As to the category of really bad war movies, I would nominate “The Patriot”, an American War of Independence black-powder bloodfest, starring Mel Gibson as 18th century Mel Gibson and a large cast of stereotypical cardboard characters. The plot is totally adrift, not attached to any definite feature or incident of the American War of Independence (except at the very end); the characterization is generally flimsy; most of the acting is pretty perfunctory in a high melodramatic style. Even military details grate. For example, in the climactic battle between the American patriots and the dastardly Brits, Mel’s militiamen appear capable of firing repeated devastating volleys from their muzzle-loaders from a prone position, without ever rising to their feet or even to their knees. Did anybody ask themselves, how did they manage to reload ? Also, the Brit cardboard cut-outs have a strange tendency to stand around and allow themselves to be slaughtered, rather than adopting the historically proven expedient of 18th century soldiers, once defeated (or even prior to defeat) of running away. I could go on …

Indeed I could. This movie may be faintly enjoyable on the level of a shootem’ up video game (at times at least) but, overall, it is deeply flawed both as a war movie and as a movie entering the space of serious history. Yours from Bunker Hill (or is it Benny Hill ?), JR.

Patriot was a stinker, aside from the 2 Dogs, (who did a rather better job of acting than Gibson) Jason Isaacs did a fine , if not Lucious Malfoy-esque performance as Tavington, based on Lieutenant-Colonel Banastre Tarleton. Some good parts, but mostly little better than James Coburn in “Duck you Sucker” .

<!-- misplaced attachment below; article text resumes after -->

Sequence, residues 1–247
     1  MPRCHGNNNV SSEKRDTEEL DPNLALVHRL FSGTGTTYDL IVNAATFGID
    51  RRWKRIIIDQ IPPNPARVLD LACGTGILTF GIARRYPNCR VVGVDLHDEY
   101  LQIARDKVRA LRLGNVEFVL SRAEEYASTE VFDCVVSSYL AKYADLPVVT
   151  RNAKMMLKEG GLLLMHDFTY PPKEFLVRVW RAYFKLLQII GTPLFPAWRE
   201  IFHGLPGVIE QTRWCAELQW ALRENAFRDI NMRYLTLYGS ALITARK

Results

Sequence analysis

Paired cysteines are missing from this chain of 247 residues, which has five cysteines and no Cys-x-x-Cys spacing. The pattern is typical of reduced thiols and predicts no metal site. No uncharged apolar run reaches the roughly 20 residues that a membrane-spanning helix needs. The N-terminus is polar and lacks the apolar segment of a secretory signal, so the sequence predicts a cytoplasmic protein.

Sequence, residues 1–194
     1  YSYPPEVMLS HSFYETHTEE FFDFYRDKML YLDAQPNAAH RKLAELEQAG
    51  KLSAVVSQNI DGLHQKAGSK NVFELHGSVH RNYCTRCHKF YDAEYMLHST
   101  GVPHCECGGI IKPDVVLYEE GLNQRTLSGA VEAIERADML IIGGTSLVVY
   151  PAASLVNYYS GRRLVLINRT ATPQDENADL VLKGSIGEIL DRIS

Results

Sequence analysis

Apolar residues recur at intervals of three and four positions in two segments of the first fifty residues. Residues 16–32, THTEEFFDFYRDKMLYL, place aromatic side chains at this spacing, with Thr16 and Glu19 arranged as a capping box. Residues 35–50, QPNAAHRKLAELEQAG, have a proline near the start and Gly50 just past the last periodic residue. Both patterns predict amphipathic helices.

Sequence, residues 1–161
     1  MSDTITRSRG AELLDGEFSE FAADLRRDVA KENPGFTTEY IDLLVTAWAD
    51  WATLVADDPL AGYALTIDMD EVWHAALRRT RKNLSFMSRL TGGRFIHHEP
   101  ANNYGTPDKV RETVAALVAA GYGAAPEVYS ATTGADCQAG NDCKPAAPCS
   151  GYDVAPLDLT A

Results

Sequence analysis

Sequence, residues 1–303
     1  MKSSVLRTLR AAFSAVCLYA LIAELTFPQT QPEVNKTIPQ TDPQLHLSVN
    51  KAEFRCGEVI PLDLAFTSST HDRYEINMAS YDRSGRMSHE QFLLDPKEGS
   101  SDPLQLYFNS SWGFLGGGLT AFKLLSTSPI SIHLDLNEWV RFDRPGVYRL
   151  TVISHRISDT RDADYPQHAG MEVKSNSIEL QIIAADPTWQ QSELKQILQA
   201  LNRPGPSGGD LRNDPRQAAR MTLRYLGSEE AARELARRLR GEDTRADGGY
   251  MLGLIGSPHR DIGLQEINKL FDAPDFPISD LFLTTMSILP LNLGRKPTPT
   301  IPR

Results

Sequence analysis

Saw The Patriot in Philadelphia, when it was released. Seemed to go down quite well with much of the audience.

“Duck, you Sucker” ? That was the spaghetti Western where Coburn joins Rod Steiger in the Mexican Revolution, wasn’t it ? In Europe known as “A Fistful of Dynamite”. Had something of a spoof of “The Good, the Bad, the Ugly” about it. I suspect that Steiger’s Mex accent was no better than Coburn’s fake Irish drawl, as he takes on the role of an ex-Fenian bomber winning the Revolution largely by himself, using his skills as an IRA bomber. Has its amusing moments (notably around Steiger - a common bandit - and his frustration at being elevated to the position of Revolutionary hero through his association with the Coburn character). Also, some good explosions and shooting incidents. Not to be considered even a half-serious war movie, though. Yours from The Mountains, JR.